A coherent, equitable program of study focused around a career pathway incorporates learning about career options, and applications of academic and technical skills and knowledge within a career field. A wide range of experiences can be intentionally designed to connect academics and career technical education, set in the workplace, the community, the school, via virtual technology, or any combination of these contexts. Particularly useful for teams and schools working to integrate work-based learning into pathway Programs of Study is a document created by a coalition of career academy advocates convened by the Linked Learning Alliance, Work-Based Learning in Linked Learning: Definitions, Outcomes, and Quality Criteria. The WBL Continuum, below, includes three main stages: learning about, through, and for work. Click on the image below to see a more detailed version of the Work-Based Learning Continuum.

Integrating work-based learning into classroom instruction enriches and deepens student engagement with both technical skills and academic content. Career pathways teacher teams collaboratively define the academic, career technical, and career readiness outcomes they want to address through work-based learning, then plan a coherent sequence of high intensity experiences throughout their program. As you can see in the graphic below, there are a wide range of experiences that can be used to achieve those outcomes.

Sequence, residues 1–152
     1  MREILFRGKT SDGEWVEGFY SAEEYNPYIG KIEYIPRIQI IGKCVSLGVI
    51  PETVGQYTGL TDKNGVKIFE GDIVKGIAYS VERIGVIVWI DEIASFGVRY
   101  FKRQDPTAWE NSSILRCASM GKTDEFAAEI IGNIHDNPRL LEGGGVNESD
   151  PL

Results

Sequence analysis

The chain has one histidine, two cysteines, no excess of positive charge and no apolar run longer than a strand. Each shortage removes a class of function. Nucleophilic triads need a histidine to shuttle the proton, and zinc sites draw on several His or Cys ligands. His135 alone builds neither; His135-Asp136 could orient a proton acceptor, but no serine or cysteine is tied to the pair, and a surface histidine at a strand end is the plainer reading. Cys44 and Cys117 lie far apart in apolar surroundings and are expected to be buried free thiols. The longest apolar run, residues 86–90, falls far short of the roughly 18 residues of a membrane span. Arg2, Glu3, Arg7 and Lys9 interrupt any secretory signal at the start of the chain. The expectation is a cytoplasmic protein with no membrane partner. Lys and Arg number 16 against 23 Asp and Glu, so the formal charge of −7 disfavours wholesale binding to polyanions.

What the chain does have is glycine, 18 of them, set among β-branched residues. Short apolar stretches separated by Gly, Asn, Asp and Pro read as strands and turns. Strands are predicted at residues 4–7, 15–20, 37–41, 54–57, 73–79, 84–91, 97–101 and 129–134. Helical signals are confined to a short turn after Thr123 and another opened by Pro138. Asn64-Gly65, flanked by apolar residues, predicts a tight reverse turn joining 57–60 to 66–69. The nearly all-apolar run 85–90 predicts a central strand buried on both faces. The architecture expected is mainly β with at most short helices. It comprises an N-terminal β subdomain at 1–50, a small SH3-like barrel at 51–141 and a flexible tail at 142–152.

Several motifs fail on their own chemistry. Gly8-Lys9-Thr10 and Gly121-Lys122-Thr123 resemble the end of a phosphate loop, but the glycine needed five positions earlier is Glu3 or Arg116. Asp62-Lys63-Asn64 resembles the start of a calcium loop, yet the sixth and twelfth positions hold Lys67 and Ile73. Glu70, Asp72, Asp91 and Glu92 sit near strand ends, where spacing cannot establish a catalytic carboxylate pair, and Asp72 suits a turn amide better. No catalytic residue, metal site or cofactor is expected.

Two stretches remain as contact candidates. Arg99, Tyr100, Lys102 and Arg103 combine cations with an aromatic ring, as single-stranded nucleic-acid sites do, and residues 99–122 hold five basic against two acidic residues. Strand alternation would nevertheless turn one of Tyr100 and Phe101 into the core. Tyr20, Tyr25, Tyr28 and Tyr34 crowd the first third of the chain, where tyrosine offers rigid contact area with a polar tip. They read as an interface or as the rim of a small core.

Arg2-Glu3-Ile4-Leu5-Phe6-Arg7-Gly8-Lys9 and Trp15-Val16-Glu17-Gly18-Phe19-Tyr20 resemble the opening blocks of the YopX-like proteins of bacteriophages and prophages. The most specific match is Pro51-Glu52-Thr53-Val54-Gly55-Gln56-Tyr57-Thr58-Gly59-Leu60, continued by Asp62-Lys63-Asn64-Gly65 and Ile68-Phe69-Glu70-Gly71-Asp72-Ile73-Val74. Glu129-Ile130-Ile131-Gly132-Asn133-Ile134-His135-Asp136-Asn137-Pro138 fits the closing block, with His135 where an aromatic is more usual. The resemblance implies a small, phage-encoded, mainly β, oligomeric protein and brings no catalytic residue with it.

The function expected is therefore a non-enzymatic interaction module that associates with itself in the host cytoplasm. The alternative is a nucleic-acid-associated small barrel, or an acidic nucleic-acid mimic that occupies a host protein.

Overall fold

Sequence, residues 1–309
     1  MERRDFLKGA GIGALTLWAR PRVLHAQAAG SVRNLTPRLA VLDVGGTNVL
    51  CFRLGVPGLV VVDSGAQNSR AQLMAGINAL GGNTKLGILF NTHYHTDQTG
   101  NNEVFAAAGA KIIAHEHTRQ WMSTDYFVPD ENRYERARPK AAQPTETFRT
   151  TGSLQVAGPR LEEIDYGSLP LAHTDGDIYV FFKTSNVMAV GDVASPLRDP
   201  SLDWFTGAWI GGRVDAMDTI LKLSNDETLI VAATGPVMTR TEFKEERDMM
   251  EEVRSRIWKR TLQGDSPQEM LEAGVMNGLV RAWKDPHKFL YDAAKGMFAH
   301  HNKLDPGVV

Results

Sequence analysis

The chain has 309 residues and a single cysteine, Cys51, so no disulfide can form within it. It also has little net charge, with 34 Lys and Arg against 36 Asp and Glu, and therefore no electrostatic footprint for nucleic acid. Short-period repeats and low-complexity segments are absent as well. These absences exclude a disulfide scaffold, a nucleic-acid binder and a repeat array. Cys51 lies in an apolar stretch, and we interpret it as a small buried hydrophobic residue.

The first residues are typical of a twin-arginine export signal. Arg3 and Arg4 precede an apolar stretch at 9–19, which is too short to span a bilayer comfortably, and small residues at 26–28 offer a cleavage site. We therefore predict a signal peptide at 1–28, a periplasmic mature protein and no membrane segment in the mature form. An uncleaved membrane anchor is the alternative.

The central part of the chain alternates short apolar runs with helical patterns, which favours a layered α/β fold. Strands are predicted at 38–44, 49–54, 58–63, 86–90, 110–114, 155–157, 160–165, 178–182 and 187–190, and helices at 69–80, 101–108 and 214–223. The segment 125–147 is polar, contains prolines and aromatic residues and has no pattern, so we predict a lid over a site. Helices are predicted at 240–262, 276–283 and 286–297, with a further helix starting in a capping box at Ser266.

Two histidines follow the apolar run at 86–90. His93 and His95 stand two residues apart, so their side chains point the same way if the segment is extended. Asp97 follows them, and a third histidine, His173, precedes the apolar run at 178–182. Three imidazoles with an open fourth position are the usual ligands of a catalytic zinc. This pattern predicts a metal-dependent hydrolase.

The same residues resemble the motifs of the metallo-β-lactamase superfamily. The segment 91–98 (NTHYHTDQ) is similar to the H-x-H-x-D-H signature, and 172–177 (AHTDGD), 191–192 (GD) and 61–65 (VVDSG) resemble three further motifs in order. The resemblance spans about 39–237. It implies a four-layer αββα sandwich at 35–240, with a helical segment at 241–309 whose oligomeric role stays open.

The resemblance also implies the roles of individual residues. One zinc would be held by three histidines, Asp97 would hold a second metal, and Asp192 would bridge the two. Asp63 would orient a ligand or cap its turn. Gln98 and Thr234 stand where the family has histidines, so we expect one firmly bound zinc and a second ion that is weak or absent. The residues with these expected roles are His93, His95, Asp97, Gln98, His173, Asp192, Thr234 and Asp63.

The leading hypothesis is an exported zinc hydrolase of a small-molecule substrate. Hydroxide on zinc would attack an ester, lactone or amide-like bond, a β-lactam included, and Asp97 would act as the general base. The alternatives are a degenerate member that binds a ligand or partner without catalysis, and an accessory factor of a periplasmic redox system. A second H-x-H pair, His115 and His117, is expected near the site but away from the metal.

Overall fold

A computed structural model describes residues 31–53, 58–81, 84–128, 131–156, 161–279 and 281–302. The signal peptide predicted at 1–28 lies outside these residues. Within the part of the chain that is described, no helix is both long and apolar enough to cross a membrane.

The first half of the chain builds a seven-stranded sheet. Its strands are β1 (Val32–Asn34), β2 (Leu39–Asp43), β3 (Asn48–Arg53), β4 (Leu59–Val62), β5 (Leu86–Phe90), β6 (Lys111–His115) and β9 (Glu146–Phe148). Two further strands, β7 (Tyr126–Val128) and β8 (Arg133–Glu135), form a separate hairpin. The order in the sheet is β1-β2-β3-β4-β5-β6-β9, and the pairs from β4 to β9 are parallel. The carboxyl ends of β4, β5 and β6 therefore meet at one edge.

Basic Principles:

  • Outcome-based planning by whole team (academic and CTE teachers)
  • Employer-involved planning, implementation, and assessment
  • Embedded in classroom instruction
  • Accessible to all students, regardless of wealth, heritage, or previous academic experience

Career readiness curriculum is readily available, and links are provided on the CCASN website under CCASN Library/Instructional Resources. Resources for organizing many activities related to work-based learning are available in CCASN Toolbox/Work-Based Learning. Oakland Unified School District developed an excellent set of one-page descriptions of key activity outcomes and criteria, for pathway teachers to use in planning work-based learning activities, available here.

1 Little, J. W. (2006). Professional Community and Professional Development in the Learning Centered School. Washington, D.C.: National Education Foundation.